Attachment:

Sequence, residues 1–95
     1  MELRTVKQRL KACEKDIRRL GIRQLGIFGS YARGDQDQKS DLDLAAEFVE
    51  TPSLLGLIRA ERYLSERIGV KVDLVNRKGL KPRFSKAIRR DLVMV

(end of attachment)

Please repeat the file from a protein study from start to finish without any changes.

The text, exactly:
Sequence, residues 1–95
     1  MELRTVKQRL KACEKDIRRL GIRQLGIFGS YARGDQDQKS DLDLAAEFVE
    51  TPSLLGLIRA ERYLSERIGV KVDLVNRKGL KPRFSKAIRR DLVMV